Economics

Curious about capitalism, the monetary system or white collar crime? Check out these articles. The Economics Channel defines and explores economic terms and controversies.


It's been a roller-coaster ride for the beloved U.S. snack cake that last 65 days. Now Twinkies and its other Hostess buddies are landing on the Nasdaq.

John Oliver paid off medical debt for 9,000 Americans. But could you buy your own debt on the cheap?

Is adding up the inflation and unemployment rates the most effective way to judge our misery?

An 1864 law bars living people from appearing on U.S. currency. What do you have to do to get your grill on a bill?

It's adios, Old Hickory, as the freedom fighter replaces the slave-owning president. The U.S. Treasury also says Hamilton will remain on the $10 bill.

The guys from Stuff They Don't Want You to Know catch you up on the largest single leak in human history.

Sure, ride-sharing is a big part of the collaborative economy, but other services, from health care to energy credits, are turning consumers into borrowers, too.

The gender pay gap is usually expressed something like this: Women make 77 cents for every dollar a man makes. Where did this figure come from and is it still true?

The idea is that the government gives everyone a set amount of money, just for existing. Would it fly in the U.S.?

Basic income is guaranteed to everybody, no matter who you are, whether you work or not. And it could be way simpler than some existing welfare systems.

Financial difficulty can produce measurable negative impacts on physical well-being, including real pain and a lowered pain tolerance.

Let's shed some light on how and why political donations can be so tricky.

Why aren't there numbers on American coins? The words "dime," "penny" and "nickel" sure don't convey anything obvious. Is the U.S. just being inhospitable to guests?

Citizen science projects are sprouting up everywhere. Researchers and laypeople love them -- though there are a few critics.

With enough natural resources, robots and replicators, a la "Star Trek," money could definitely become outdated.

Setting up a funding site for a nonexistent sick boy is child's play for these criminals. The real money is in laundering stolen credit cards.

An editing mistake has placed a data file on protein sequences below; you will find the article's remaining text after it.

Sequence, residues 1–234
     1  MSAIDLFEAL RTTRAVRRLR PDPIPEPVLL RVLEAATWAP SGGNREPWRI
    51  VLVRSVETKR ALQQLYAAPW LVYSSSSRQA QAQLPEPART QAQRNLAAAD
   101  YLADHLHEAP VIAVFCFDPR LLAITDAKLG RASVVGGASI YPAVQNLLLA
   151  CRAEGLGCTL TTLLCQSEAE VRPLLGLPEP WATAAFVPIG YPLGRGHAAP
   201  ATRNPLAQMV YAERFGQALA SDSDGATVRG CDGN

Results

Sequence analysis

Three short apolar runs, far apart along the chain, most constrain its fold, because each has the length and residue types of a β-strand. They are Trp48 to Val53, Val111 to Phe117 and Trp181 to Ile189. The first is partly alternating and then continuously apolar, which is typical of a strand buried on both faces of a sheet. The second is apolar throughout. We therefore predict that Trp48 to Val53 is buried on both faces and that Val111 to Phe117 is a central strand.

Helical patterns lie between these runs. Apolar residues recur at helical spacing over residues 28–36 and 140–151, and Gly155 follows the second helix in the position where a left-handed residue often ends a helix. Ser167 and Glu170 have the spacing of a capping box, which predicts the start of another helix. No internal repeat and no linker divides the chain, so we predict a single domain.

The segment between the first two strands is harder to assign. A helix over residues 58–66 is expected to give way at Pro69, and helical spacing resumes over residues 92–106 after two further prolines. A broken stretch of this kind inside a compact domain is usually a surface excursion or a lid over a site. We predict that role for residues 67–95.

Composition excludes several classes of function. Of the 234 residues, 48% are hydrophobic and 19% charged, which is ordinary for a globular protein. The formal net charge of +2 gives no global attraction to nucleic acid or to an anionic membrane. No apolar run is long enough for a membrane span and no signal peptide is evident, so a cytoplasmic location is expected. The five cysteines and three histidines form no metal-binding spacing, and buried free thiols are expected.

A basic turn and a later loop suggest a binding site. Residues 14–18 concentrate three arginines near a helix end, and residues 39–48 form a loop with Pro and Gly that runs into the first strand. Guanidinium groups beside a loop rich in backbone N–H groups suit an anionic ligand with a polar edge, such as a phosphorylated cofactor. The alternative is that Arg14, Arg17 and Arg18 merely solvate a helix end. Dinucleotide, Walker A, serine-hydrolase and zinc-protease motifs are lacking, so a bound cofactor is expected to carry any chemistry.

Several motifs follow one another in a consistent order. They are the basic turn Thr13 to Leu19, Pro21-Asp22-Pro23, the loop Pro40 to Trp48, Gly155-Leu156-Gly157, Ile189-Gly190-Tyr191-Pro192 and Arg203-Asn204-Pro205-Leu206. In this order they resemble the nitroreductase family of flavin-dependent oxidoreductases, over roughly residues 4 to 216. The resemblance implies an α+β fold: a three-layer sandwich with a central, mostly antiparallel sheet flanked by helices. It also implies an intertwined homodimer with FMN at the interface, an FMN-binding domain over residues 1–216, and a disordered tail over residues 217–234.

It's time to replace your jalopy. You know it isn't worth much, but should you sell it anyway and maybe make a few bucks, or should you donate it to charity to get a tax break?

Crowdfunding sounds like an easy way to raise funds for a project or product when a bank or family members won't help you out. But while some projects have raised millions, most have actually flamed out.

It's impossible to keep a straight face when you see a grown man in a fez driving an itty-bitty car. But the Shriners actually do some pretty serious work.

Online shopping offers plenty of amazing-looking deals. But you know how it goes: If something seems too good to be true ...

Life's hard enough for a small business, and dishonest people looking to scam hard workers out of their profits only make things worse. Learn what the red flags are.

No one knows the exact amount of money lost or thrown out, but it's a lot more than you might imagine. One man made more than $20,000 picking up loose change every day for 10 years.

Whether by tampering with the bottle or the liquid inside, wine fraudsters have fooled billionaires and wine connoisseurs alike into thinking an unremarkable bottle of merlot is really an exceptional vintage. Here's how they do it – and why.

In some places, people forgo buying stuff (like cars and tools) to rent what they need from complete strangers. That's the premise of the sharing economy, which already has some big players. How does it work, and is it here to stay?

If smartphones were called computerized wallets, maybe people would be more careful with these devices that give thieves access to your bank accounts, credit cards and whereabouts with just one swoop. How do you protect yourself from identity theft?